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0582 Innermost Asia : vol.1
Innermost Asia : vol.1 / Page 582 (Grayscale High Resolution Image)

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doi: 10.20676/00000187
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Ceramic   Among the small objects picked up during our surveys of this deserted settlement and described

miscell.   in the List below, the numerous specimens of fine pottery are probably of most interest. They


remains.   show a great preponderance of glazed ware of a type identical with that represented at Khara-khoto.

The most characteristic pieces are those bearing decorative designs, chiefly floral, produced by sgraffito treatment from a rich brown or greenish glaze with which the whole jars, &c., were first covered. An effective background is furnished by the buff pottery surface from which the glaze has. been scraped off. The specimens marked K.E. v. 020 ; x—xi. 01 ; XIII. 03-4 ; XIV. oio (Pl. LVI, LVII) may be specially mentioned as good illustrations of the pleasing effects produced. The first specimen, the fragment of a large jar, shows by its size of 19 inches by 13 the large dimensions to which this sgraffito process could be applied and also that the ware must have been produced locally. The small pottery fragment K.E. of (Pl. LVII) deserves mention on account of the peculiar technique, of which no other example was found at this site, thin laminae of differently coloured paste being used to produce the decoration. Decorated porcelain, comparatively rare, is represented by pieces like K.E. II. of (Pl. LVII), xv. oil-2. (Pl. LI, LVII). The fragment of a bronze mirror, K.E. III. 04, is of interest because its raised border shows a grape scroll such as is known from examples ascribed to Han times. The small netsuki-shaped jade ornament, K.E. mu. of, shows an elaborate floral design in good ` open '-work. Curious, too, is the miniature silver spoon, K.E. xvf. of.

Numismatic   It only remains for me to mention that the coins picked up by us at different points of the once

evidence. cultivated area fully bear out the numismatic evidence already noted in connexion with the dwellings ix and x.4 Out of a total of seventeen coins, eleven belong to Sung issues, the Nien-haos represented ranging from A.D. 1017-22 tO A.D. 1086-94. Of the other Chinese pieces two bear the legend Wu-chu and two that of K`ai yilan, while another is the modern `cash' previously mentioned. One non-Chinese copper coin has not so far been identified. The direct chronological conclusion to be drawn from the coins found at this settlement is thus practically the same as that indicated by the coins found within or quite close to the ruined town.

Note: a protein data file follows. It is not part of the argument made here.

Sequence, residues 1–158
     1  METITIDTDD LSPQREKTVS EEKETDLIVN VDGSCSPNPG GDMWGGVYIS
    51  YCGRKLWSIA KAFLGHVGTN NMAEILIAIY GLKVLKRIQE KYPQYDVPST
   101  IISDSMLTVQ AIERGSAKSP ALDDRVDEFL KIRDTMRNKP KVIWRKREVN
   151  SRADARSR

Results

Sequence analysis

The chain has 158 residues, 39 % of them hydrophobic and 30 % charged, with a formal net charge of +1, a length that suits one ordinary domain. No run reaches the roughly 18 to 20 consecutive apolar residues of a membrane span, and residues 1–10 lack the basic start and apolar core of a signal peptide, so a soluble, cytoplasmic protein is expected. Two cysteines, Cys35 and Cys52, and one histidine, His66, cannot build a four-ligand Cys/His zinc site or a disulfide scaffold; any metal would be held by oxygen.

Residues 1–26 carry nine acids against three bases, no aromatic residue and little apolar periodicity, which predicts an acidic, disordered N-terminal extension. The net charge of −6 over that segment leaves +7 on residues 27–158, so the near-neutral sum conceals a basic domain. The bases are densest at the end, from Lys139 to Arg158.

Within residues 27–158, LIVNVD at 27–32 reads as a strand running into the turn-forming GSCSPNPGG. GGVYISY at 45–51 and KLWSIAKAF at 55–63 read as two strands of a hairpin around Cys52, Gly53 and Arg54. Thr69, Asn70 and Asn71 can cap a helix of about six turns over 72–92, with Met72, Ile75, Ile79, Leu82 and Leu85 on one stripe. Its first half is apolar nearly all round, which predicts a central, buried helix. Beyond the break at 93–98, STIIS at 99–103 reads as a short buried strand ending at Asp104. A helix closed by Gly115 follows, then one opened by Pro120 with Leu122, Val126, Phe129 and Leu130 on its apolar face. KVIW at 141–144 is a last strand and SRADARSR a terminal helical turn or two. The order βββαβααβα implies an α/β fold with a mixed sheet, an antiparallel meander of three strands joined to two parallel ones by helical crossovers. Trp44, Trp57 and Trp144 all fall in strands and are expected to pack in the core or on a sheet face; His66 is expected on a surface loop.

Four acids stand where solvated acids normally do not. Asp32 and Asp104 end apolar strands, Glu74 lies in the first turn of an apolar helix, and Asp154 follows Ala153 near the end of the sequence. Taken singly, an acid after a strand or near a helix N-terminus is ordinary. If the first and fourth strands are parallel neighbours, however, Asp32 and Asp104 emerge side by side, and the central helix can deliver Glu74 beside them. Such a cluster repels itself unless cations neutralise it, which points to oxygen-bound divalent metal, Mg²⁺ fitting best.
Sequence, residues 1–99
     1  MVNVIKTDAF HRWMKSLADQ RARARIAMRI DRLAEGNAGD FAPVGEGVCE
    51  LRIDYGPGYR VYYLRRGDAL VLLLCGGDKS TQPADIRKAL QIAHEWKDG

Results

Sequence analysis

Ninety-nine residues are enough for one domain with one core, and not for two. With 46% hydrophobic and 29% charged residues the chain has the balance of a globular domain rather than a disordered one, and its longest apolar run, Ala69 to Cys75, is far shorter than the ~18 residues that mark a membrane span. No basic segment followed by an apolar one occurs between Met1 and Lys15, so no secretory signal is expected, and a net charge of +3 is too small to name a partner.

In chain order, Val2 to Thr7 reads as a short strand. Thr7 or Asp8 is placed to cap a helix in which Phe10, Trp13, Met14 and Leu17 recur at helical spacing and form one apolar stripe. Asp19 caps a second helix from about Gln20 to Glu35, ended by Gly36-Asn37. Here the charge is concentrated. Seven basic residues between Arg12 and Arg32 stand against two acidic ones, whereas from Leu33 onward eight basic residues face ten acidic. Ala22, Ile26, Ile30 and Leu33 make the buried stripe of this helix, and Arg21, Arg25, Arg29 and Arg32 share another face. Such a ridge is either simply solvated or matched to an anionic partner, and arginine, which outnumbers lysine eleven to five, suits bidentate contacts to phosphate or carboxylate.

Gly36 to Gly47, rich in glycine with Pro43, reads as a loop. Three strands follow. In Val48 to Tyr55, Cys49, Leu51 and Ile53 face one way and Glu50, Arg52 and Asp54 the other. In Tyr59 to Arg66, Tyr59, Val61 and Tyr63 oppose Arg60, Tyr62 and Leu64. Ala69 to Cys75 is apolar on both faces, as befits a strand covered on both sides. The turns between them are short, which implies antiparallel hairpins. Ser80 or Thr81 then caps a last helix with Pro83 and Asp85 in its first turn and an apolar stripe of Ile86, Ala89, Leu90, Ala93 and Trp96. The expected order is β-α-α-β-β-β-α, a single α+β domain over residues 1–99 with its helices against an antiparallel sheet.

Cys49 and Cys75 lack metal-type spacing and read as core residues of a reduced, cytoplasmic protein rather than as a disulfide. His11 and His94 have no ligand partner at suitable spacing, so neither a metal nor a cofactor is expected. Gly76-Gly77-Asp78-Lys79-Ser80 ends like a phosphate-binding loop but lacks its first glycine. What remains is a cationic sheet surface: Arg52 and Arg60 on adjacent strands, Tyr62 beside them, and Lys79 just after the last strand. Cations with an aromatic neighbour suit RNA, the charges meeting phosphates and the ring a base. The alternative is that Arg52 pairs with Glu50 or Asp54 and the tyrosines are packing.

Marco   At the same time the discovery of the remains of this extensive agricultural settlement has

Polo's City a very important bearing upon the chronological aspect of the questions raised by the ruins of of Etzina'.

Khara-khoto itself ; for it removes, I believe, the last doubt which might otherwise have been felt

as to the identity of Khara-khoto with Marco Polo's ` City of Etzina '. The account that the great Venetian traveller has recorded of it runs as follows :5

` When you leave the city of Campichu [i. e. Kan-chow you ride for twelve days, and then

reach a city called Etzina, which is towards the north on the verge of the Sandy Desert ; it belongs

to the Province of Tangut. The people are Idolaters, and possess plenty of camels and cattle,

and the country produces a number of good falcons, both Sakers and Lanners. The inhabitants

live by their cultivation and their cattle, for they have no trade. At this city you must needs lay in victuals for forty days, because when you quit Etzina, you enter on a desert which extends forty days' journey to the north, and on which you meet with no habitation nor baiting place.... When you have travelled these forty days across the Desert you come to a certain province lying to the north ', and as the city of this the next chapter names Caracoron, i. e. Kara-korum, the old Mongol capital on the river Orkhon.

Sir Henry Yule had already looked for Marco's Etzina on the river flowing from Kan-chou, which earlier European writers drawing on Chinese maps had mentioned under the name of Yetsina. He was rightly guided to this location by the reference made to the place in Gaubil's ` History of Chinghiz ', which mentions the capture of Yetsina in A. D. 1226 by the Mongol conqueror,

4 See Appendix B.   5 Cf. Yule, Marco Polo, i. pp. 223 sq.

Identification of Marco Polo's Drina.